Above is my current desk at work. It’s a standing desk, and on the left is my notepad complete with some of my favorite black-and-white stickers.
I’ve spent the last 45 days using the Bullet Journal method for task management and daily organization. The Bullet Journal – described on its site as an analog system for the digital age – is essentially a way to organize your notes, tasks, and priorities the old fashioned way (pen and paper.)
You can customize the Bullet Journal setup however you want, but the main usage for me is to keep my task list in my notepad and “refresh” it every day. Every morning, I look back at yesterday’s tasks and I re-write any that I didn’t get to into the current day’s list. There are many times where I write a task 4-5 times, day after day, until I realize a) I gotta get this thing done, or b) I don’t really need to get this thing done. I find that digital task management apps are too easy to just move tasks to the next day. This manual process forces me to make choices.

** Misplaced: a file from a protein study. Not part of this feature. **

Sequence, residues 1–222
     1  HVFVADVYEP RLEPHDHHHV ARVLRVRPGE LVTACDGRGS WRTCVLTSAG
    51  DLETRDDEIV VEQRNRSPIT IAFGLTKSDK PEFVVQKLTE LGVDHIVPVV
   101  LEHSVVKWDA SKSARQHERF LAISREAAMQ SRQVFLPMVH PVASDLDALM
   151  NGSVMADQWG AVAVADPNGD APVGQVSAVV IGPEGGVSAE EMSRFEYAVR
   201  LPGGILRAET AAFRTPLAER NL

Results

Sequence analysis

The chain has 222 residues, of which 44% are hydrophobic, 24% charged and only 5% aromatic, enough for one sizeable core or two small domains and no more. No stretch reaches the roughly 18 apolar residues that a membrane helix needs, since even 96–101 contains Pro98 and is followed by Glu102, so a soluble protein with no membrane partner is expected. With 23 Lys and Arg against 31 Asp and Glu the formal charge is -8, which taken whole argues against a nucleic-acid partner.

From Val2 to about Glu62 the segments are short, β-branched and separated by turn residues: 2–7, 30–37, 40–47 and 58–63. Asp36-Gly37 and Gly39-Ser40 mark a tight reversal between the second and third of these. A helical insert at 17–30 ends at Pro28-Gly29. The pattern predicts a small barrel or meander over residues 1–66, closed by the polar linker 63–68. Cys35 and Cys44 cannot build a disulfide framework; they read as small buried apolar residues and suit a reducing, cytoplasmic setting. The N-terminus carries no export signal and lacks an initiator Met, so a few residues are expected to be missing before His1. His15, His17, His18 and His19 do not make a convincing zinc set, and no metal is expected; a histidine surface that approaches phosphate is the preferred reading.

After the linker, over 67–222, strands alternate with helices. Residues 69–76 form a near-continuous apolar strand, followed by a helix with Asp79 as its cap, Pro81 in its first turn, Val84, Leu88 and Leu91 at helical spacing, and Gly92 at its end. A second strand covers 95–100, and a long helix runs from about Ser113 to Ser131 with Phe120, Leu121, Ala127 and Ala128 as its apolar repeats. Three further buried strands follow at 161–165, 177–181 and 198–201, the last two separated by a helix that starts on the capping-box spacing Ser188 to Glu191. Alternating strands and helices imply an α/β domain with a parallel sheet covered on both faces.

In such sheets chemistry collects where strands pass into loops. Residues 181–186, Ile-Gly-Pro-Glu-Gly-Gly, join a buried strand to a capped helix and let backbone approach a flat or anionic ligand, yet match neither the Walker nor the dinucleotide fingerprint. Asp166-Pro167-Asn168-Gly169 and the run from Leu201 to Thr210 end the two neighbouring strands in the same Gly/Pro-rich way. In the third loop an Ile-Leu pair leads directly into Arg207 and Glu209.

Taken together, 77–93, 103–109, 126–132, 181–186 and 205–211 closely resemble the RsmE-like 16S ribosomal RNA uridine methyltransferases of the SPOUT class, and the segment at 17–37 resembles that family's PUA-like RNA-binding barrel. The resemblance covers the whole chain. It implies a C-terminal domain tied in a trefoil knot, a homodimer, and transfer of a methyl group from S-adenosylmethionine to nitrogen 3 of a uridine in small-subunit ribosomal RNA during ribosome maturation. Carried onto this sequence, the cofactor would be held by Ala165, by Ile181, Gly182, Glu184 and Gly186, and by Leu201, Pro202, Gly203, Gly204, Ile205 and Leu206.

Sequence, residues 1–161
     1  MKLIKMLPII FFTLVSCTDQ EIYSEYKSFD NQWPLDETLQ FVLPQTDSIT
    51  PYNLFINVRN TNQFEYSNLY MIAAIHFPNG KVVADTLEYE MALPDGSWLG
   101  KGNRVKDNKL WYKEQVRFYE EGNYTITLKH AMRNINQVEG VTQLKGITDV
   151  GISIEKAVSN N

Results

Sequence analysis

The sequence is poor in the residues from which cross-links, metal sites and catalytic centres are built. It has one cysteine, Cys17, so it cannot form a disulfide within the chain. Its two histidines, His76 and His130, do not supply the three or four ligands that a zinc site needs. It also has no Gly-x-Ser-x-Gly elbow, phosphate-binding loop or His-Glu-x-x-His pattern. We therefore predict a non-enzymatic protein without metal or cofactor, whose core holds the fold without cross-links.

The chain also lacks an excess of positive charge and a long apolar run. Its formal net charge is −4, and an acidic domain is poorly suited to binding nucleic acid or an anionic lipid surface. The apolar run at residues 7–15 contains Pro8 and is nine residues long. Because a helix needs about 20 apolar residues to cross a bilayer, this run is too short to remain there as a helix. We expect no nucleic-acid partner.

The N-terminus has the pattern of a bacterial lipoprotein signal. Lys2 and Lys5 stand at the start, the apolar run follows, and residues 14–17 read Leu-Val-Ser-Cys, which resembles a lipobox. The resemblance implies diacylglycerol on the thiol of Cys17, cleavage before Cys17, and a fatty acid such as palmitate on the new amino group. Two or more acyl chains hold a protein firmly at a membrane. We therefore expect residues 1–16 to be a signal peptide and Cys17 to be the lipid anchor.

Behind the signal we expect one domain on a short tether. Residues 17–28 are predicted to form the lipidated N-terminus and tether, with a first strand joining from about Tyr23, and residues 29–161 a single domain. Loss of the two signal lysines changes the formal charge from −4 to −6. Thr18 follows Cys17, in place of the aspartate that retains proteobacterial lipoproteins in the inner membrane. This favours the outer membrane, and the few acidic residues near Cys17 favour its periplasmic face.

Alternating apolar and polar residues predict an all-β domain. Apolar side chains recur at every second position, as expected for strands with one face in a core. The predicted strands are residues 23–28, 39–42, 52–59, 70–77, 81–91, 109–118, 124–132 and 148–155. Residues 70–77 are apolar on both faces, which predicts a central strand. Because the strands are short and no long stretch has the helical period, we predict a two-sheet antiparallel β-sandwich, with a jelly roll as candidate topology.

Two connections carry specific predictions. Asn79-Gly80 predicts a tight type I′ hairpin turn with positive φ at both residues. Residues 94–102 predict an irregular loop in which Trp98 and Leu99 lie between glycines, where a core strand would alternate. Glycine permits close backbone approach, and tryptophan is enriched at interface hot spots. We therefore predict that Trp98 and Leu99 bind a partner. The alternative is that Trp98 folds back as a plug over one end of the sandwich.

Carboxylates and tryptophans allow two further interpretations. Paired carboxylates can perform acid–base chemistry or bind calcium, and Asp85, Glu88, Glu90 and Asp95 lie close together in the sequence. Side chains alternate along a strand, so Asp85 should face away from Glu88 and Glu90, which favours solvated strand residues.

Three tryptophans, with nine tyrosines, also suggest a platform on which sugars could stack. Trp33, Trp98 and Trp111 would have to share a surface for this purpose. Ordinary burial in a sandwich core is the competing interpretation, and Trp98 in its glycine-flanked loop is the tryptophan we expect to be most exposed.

I do still use OK Google/Reminders (I was using iOS reminders, but I just switched back to Android) to quickly capture tasks if I can’t write them down at that moment, but I’ll eventually transition them to my notepad.
I also take photos of the notes I want to keep and put them into Google Keep, my current digital note-storage app of choice.
Verdict: I’m going to keep using the Bullet Journal system for the foreseeable future. I do have a friend that gave me a Life Planner journal that I want her to show me to how to use, and I’ll test that for a while. As digitally oriented as I am, I like having this part of my life be analog…for now.
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Hi, I’m Jeff. I’ve founded a few companies – including Spunlogic, 48in48, and my current company, Dragon Army. If you enjoyed this post, please consider signing up for my email list. And of course, you can reach me on Twitter and LinkedIn.